We conducted stratified analyses by age, gender, race, prevalent cardiovascular disease, use of antihypertensive medications, and hypertension. Effect modification was formally tested including an interaction term between the previous variables and eGFRcys levels or ACR, in separate analyses.
Table 1 shows selected characteristics of ARIC participants at visit 4 by categories of eGFRcys and ACR. In this study sample, older individuals were more likely to have worse kidney function and higher levels of ACR. Elevated CRP, a history of cardiovascular disease, diabetes, and hypertension also were associated with markers of CKD.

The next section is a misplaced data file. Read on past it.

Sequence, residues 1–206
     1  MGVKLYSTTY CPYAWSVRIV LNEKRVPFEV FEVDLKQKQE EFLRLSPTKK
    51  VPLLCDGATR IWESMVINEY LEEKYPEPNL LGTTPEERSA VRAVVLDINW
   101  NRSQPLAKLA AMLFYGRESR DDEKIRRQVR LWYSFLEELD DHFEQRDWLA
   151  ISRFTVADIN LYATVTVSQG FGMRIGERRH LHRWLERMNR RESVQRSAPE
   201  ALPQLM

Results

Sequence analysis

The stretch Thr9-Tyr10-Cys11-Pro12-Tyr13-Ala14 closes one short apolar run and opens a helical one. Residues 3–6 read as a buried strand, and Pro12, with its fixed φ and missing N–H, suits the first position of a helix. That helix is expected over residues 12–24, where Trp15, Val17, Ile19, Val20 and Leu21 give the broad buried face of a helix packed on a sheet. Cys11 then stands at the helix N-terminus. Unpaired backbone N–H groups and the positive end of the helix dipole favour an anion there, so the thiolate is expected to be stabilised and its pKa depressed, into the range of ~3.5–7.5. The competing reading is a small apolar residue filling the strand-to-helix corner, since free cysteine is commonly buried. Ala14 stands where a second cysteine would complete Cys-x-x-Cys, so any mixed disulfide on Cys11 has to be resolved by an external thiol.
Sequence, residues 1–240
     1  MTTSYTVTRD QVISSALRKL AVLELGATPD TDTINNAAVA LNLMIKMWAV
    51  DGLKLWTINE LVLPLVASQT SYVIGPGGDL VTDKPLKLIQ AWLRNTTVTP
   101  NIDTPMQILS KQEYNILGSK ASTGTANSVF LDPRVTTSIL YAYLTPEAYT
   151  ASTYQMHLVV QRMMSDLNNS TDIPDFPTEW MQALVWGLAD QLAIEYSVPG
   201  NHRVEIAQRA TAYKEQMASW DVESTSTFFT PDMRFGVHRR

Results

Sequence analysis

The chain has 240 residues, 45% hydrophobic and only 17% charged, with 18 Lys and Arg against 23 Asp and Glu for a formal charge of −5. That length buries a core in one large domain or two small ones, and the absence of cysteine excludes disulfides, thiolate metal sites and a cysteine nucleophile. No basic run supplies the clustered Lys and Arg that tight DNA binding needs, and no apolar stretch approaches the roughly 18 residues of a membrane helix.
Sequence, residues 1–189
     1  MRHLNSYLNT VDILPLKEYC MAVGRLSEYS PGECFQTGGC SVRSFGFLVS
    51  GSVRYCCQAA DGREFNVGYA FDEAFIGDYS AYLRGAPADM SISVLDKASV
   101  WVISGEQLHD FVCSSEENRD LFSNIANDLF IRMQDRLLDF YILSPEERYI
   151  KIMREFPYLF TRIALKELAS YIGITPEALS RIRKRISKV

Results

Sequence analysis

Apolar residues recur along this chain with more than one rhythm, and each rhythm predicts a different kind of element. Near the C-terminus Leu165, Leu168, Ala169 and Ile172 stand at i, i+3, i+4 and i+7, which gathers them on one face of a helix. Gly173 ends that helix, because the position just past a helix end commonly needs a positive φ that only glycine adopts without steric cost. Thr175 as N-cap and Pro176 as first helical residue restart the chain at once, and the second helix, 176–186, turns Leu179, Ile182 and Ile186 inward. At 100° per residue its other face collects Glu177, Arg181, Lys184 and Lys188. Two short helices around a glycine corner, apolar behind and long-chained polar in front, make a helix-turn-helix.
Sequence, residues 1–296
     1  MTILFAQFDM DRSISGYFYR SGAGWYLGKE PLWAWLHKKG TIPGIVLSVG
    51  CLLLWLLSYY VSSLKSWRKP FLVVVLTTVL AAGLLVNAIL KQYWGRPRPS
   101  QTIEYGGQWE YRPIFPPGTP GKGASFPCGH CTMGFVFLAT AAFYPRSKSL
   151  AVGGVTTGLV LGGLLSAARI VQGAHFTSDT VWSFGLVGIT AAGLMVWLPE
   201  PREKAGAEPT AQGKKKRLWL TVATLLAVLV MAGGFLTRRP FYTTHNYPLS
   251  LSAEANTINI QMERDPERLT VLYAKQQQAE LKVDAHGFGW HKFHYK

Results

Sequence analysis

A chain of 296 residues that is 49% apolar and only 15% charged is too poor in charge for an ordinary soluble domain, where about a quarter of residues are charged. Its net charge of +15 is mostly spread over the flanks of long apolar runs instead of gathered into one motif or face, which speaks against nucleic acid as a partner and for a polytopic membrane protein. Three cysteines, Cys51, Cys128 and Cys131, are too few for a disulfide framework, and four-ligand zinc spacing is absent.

During a median follow-up of 10.1 years, we identified 788 incident cases of AF. Lower levels of eGFRcys were associated with higher risk of AF, even after adjustment for multiple potential confounders (table 2). Incidence of AF in individuals with eGFRcys 15–29mL/min/1.73 m2 was approximately 3 times higher compared to those with eGFRcys in the optimal range (hazard ratio (HR) 3.2, 95% confidence interval (CI) 2.0–5.0) after adjustment for potential confounders and history of cardiovascular disease. The association of eGFRcreat and AF incidence was J-shaped, with the lowest risk in individuals with eGFRcreat 60–89 mL/min/1.73 m2 (table 2). Multivariable HR (95% CI) of AF associated with 10 mL/min/1.73 m2 lower eGFRcreat or eGFRcys were, respectively, 1.06 (1.01–1.12) and 1.16 (1.11–1.21). Results were only slightly attenuated after adjusting for incident CHD and heart failure. AF-free survival curves in whites and African-Americans by eGFRcys categories are shown in figure 1.